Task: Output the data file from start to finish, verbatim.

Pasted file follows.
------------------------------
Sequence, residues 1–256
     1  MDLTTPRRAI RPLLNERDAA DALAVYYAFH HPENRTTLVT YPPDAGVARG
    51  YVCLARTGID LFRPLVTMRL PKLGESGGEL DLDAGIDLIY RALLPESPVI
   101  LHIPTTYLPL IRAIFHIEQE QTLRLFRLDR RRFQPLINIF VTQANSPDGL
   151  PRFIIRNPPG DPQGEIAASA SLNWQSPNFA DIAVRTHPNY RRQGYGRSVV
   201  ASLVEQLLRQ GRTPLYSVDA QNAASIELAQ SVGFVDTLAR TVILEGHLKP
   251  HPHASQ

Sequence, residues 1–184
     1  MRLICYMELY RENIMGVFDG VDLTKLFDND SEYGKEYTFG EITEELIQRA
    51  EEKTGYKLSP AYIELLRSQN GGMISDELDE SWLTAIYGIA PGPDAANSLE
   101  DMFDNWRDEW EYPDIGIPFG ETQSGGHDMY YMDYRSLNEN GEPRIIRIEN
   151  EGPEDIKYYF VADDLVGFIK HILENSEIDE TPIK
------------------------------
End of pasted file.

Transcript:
Sequence, residues 1–256
     1  MDLTTPRRAI RPLLNERDAA DALAVYYAFH HPENRTTLVT YPPDAGVARG
    51  YVCLARTGID LFRPLVTMRL PKLGESGGEL DLDAGIDLIY RALLPESPVI
   101  LHIPTTYLPL IRAIFHIEQE QTLRLFRLDR RRFQPLINIF VTQANSPDGL
   151  PRFIIRNPPG DPQGEIAASA SLNWQSPNFA DIAVRTHPNY RRQGYGRSVV
   201  ASLVEQLLRQ GRTPLYSVDA QNAASIELAQ SVGFVDTLAR TVILEGHLKP
   251  HPHASQ

Sequence, residues 1–184
     1  MRLICYMELY RENIMGVFDG VDLTKLFDND SEYGKEYTFG EITEELIQRA
    51  EEKTGYKLSP AYIELLRSQN GGMISDELDE SWLTAIYGIA PGPDAANSLE
   101  DMFDNWRDEW EYPDIGIPFG ETQSGGHDMY YMDYRSLNEN GEPRIIRIEN
   151  EGPEDIKYYF VADDLVGFIK HILENSEIDE TPIK